Practicing might not seem like a groundbreaking tip, but it’s the only way to get comfortable with using a spinning reel and improving your technique. Make sure you practice reeling in, too, so you know you have the basics down pat when it’s time to reel in a big catch.

4. Choose the right bait.

There are a lot of options for bait: plastic lures, spinners, soft bait, hard bait, live bait. Which type is the right one for you depends on where you’re fishing and what you’re hoping to catch. Remember that spinning reels are meant for small to medium-sized fish, depending on the type you’re using. For large saltwater fish, a hefty spinning reel might do the trick, but you might be better off with a baitcaster.

5. Maintenance is essential.

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When properly maintained, some spinning reels will last for years and years. This isn’t a difficult process, but it can be time-consuming.

After every fishing trip, remove the reel from the rod and loosen the drag. Use a soft, damp cloth to wipe off all the visible dirt and grime. You can put the rod under running water if there’s a lot of buildup, but too much water pressure can force the dirt farther into the reel, so be very careful if you go that route. Dry the reel thoroughly when you’re done.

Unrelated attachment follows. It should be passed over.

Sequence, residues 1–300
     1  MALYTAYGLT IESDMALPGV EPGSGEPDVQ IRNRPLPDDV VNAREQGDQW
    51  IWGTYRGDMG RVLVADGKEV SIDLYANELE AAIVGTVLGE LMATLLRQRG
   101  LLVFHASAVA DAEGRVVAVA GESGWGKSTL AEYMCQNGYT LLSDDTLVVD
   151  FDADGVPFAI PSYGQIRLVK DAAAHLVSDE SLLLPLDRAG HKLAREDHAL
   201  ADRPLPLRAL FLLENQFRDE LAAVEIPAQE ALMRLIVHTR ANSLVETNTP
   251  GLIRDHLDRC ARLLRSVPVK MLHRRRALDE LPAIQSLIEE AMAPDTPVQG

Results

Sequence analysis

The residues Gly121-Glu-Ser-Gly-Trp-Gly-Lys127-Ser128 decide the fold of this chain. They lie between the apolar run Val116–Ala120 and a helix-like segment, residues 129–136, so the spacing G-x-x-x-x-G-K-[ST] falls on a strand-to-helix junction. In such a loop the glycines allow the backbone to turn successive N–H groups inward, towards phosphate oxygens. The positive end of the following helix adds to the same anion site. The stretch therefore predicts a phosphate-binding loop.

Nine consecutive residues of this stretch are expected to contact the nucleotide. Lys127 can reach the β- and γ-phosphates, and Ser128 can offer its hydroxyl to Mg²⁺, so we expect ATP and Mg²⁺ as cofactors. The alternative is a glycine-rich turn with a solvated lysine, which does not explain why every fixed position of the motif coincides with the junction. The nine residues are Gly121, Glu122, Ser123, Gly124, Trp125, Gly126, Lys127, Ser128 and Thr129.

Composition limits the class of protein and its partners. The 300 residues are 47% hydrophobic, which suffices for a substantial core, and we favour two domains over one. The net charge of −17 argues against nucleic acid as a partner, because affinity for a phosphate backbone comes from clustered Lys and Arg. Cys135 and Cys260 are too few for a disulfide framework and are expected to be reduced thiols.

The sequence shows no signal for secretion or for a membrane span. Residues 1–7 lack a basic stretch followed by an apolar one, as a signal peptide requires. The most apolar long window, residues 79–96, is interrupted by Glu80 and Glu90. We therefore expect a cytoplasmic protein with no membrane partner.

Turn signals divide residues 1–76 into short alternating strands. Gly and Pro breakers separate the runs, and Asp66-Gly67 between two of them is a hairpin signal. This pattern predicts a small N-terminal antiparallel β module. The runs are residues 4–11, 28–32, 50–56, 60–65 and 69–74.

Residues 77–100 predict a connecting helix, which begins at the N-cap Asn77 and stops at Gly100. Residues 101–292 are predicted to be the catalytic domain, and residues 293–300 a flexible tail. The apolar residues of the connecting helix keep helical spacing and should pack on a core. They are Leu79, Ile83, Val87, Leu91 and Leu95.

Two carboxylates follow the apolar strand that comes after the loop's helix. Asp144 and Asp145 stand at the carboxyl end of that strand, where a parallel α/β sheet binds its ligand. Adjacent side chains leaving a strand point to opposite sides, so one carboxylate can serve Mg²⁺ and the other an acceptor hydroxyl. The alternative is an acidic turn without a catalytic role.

Every so often, you should do a deep clean in the interior. This process is pretty involved, but it’s the only way to make sure your reel lasts as long as possible.

To really get your spinning reel clean, you have to take it apart. There are a lot of small parts inside so make sure you figure out a way to keep everything organized before getting started. Put down a mat or towel over your workspace and lay the pieces down, left to right, in the order you took them out. That way, when it’s time to put it all back together, you can work backward, knowing you aren’t missing anything.

Secure the line on the spool so it doesn’t knot and tangle during the process. Then, take the reel apart, laying out the pieces as described earlier. Each reel is set up a little differently so make sure you check the manufacturer’s instructions for the reel you’re using to get it right.

Clean each piece of the reel using a soft bristle toothbrush and the cleaner recommended by the manufacturer. Take your time and remove as much residue as possible, doing one piece at a time and being careful to return it to the appropriate spot in the lineup before moving on to the next piece.

Use a toothpick to add a thin coating of reel oil to the gears and bearings. Then, reassemble the reel, going down the line of parts one at a time until everything is back in its place. This may seem tedious, but properly cleaning your spinning reel

it working like new for years to come. It’s the way the pros do it and a good thing to get in the habit of doing.

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Roy Ericson

Roy Ericson started fishing when he was just a boy, like many of us did. He spent far too much time on the piers not being able to catch anything, until his uncle brought him deep sea fishing, out to the lakes of Michigan, where he lived, and to the various ponds in neighboring states. He’s been all over, caught over 400 different species of fish, and doesn’t believe you should embellish your stories. He’s just here to teach you about his absolute favorite thing in the world: fishing.